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The winds of healthcare tech are changing — at least when it comes to trends. It’s clear from the recent HIMSS Annual Conference & Exhibition that mHealth is becoming the norm, while machine learning and AI is creeping its way in as a dominant trend in the industry.
It’s not just at conferences though; pay attention to news and press releases, and you’ll see talk of machine learning and how it’s being used to do everything from predicting illness to using healthcare analytics to reduce hospital readmissions. One of the most recent developments comes from a company that’s set out to make artificial intelligence “routine, pervasive and actionable” for the entire spectrum of healthcare organizations.
Health Catalyst’s Big News
In mid-February, healthcare data and analytics company Health Catalyst announced its plans to embed the benefits of next-generation healthcare analytics throughout the healthcare experience. It intends to do this by way of healthcare.ai, an open-source repository of tools and expertise that will help facilitate the deployment of machine learning in any interested healthcare environment.
On a practical level, this means that the entire Health Catalyst product line will be embedded with machine learning as a core capability. This initiative is known as catalyst.ai, and organizations using Health Catalyst products will be able to access that technology to answer challenges such as identifying patients who are at risk for infection, finding high-risk financial cases and proactively catching canceled appointments.
With all the potential that the technology holds for healthcare, Health Catalyst leadership highlights the classic healthcare lag as a challenge, stating that healthcare is several years behind other industries. This is particularly an issue of cost, but also largely due to the inherent complexity of healthcare data.
Perfecting Leukemia Prediction
Health Catalyst’s work is definitely not the only initiative to implement AI and advanced algorithms into healthcare. Industry experts are chronicling the recently announced success of Indiana University-Purdue University Indianapolis researchers battling leukemia. The team developed an algorithm that’s been found to be able to correctly predict the relapse rates for acute myelogenous leukemia (AML) with 90 percent accuracy. It’s also able to predict remission rates correctly 100 percent of the time.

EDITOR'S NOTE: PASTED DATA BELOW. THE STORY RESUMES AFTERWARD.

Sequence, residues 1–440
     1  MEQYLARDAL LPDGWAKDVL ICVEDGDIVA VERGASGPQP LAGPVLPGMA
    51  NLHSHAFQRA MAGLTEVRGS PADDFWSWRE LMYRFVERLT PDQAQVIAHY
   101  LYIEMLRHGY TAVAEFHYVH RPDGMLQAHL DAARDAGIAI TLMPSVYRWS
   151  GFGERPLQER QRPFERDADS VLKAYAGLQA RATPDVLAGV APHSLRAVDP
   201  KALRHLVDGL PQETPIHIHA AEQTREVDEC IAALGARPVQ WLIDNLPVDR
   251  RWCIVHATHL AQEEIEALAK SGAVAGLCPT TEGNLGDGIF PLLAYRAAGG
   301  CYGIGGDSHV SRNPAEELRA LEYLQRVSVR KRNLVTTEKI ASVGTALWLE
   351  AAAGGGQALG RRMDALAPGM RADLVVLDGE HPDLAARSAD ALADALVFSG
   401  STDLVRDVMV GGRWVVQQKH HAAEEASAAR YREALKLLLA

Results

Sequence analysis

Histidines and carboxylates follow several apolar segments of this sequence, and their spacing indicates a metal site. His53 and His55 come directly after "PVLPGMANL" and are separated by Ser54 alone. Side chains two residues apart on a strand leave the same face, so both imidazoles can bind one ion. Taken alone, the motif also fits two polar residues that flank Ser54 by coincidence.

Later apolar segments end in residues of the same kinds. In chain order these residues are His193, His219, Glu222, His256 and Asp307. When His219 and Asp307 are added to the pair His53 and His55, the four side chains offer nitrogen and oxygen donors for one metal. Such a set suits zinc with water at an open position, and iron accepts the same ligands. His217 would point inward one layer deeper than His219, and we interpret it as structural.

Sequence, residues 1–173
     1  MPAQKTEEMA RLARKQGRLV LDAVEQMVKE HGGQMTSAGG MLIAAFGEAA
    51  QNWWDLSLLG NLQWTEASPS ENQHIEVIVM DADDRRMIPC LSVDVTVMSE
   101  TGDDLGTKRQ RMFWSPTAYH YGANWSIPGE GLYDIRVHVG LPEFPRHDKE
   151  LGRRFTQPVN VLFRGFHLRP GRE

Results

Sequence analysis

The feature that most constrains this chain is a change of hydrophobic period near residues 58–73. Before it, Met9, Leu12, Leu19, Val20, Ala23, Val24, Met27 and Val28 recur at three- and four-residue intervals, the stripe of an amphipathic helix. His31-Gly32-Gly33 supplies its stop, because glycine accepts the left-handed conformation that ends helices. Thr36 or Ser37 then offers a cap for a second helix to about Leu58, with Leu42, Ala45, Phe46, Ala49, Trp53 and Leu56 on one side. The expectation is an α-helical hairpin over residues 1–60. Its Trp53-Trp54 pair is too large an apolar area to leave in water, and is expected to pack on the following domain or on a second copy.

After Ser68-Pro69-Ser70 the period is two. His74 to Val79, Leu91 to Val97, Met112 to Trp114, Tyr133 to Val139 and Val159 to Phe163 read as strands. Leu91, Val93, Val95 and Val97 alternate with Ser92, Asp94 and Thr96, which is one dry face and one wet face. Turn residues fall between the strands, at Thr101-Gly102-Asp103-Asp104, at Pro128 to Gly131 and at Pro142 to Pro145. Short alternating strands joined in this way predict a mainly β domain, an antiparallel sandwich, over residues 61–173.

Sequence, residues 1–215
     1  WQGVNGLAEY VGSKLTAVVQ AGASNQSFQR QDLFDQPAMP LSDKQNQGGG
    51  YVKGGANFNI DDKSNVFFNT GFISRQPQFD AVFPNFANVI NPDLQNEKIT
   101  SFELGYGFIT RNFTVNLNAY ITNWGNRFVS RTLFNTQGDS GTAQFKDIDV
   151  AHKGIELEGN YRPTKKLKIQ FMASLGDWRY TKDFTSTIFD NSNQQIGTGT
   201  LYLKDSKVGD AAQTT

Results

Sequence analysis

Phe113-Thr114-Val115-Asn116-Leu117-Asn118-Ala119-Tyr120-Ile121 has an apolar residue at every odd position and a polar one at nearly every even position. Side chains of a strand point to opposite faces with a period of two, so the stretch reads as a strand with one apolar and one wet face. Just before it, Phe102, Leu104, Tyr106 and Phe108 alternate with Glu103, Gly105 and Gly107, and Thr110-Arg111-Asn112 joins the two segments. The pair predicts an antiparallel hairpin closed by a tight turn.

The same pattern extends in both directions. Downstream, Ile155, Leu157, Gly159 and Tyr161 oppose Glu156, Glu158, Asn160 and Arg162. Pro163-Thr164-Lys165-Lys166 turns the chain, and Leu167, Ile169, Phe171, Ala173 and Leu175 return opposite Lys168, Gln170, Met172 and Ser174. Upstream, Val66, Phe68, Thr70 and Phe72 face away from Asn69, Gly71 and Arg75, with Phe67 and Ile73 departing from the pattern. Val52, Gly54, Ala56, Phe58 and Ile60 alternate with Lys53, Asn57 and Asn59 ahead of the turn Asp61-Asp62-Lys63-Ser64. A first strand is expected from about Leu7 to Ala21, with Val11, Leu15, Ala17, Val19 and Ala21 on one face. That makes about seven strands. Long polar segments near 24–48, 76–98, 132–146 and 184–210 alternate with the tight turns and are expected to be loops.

The algorithm uses bone marrow and medical history data from patients, along with the addition of information from healthy individuals to make its predictions — something that was previously performed by human experts. Computers, though, are frequently better at deriving knowledge from complex data than humans.
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Similar healthcare analytics technology is being used for predictive analytics and diagnostics in multiple disease categories including mental healthcare, heart disease, vision care, sepsis and trauma care.
IBM’s Imaging Analytics
Another healthcare challenge that machine learning is being used to take on is that of unstructured data. IBM’s Watson Health division is turning its attention to value-based care to deliver actionable insights and clinical decision support to providers.
The idea of cognitive healthcare (learning systems) was addressed by IBM CEO Ginni Rometty in her keynote address at HIMSS17, stressing the fact that information technology “can change almost everything about healthcare.”
This move comes on the heels of the company’s announcement of a significant expansion of its imaging analytics collaborative. IBM has recently debuted its Imaging Clinical Review offering, a tool that currently helps providers identify aortic stenosis (AS), but in the future will be expanded to address conditions including deep vein thrombosis, cardiomyopathy and myocardial infarction.
Mobile Medical Diagnosis
Mobile will remain the key platform for healthcare workflows, now underpinned by AI. UCLA researchers have developed a tool that lies at the intersection of mHealth and advanced analytics that can detect cancer biomarkers, proteins, viruses and other microscopic bodily objects that have proven challenging to identify in the past.
The new mobile solution uses machine learning to train its own algorithms and process biometric data to better understand biological trends and biomarkers. This advancement means that diseases (such as early-stage cancer) and viruses could be caught earlier, at a stage where traditional methods would have failed.
In that vein, to develop an understanding of healthcare technology as it evolves, it will be crucial for all stakeholders to step away from siloed thinking around healthcare innovation. For example, healthcare analytics holds amazing potential in the revenue cycle space, where the impact of financial interactions on the entire patient experience is just beginning to be understood. Since that space provides a relatively less complex environment for the application of AI, expect to see especially speedy innovations there and in other non-clinical areas of the industry.
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